The “one problem” mentioned in the title is an embarrassingly minuscule one, we promise. Nit-picking, really. If you’re a publicist, reading this to collect clips — or blurbs! blurb us for the paperback edition! — honestly, consider this a ringing endorsement. Lowboy was fantastic. We stayed up past our bedtime and rejoiced when we missed trains on the way to work, just to finish the book and soak it all in as quickly as possible. But after hopping onto the bandwagon of laudatory reviews, we almost wished we had a bone to pick. Something to offer besides a “Ohmygod It’s The Holden Caulfield Of Our Generation.” So, what’s the only thing we could find wrong with this outstanding novel?
John Wray makes a point of describing the length of time subway doors stay open when in the station: “They stayed open for ten seconds, the prescribed minimum” (pp 41). “The doors closed after exactly ten seconds” (pp 93). But after some very un-scientific research, compiled over the last three days on the NYC Subway system, we’ve got to disagree. On average, subway doors remained open for only five to six Mississippis. Even during rush hour, at a major stop, we only got up to eight Mississippi. Now, we realize that the protagonist is a fairly unreliable one, being schizophrenic and all, but even the nominally sane detective in the novel has to block the doors from closing after ten seconds (pp 242-43). So! Lowboy debunked! Wow, we’re really glad we got that off our chests. But please, still read it — it’s truly remarkable!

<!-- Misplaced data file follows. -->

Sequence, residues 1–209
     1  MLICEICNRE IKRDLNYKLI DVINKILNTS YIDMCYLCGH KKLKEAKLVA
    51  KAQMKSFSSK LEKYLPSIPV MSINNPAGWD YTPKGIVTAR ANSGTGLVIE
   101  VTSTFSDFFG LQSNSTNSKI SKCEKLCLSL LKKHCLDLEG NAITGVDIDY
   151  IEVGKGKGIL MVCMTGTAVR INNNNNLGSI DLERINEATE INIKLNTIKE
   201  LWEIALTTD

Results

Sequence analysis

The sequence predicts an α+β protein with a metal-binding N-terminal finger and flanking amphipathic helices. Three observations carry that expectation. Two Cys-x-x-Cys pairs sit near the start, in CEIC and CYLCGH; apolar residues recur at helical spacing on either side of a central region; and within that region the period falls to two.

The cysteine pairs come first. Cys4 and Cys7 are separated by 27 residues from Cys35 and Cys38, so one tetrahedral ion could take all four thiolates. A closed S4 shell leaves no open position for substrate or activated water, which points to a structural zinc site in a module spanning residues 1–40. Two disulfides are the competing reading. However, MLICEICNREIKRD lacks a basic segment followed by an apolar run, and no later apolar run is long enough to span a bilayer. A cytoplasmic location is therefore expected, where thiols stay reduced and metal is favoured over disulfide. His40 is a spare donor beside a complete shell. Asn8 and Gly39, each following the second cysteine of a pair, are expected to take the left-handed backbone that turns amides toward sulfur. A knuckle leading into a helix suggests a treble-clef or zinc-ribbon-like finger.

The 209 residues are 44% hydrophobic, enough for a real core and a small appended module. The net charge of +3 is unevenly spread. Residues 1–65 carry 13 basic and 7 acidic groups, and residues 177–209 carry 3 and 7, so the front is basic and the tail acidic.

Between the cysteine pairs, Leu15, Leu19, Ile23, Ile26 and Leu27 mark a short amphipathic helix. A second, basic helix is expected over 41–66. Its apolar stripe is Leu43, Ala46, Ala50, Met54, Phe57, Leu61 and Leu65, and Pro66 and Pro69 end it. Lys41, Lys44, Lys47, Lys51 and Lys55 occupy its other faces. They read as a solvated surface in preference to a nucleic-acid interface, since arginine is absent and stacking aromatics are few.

[Check out our interview with John Wray, and learn where you can hear him read from the book in the NYC area.]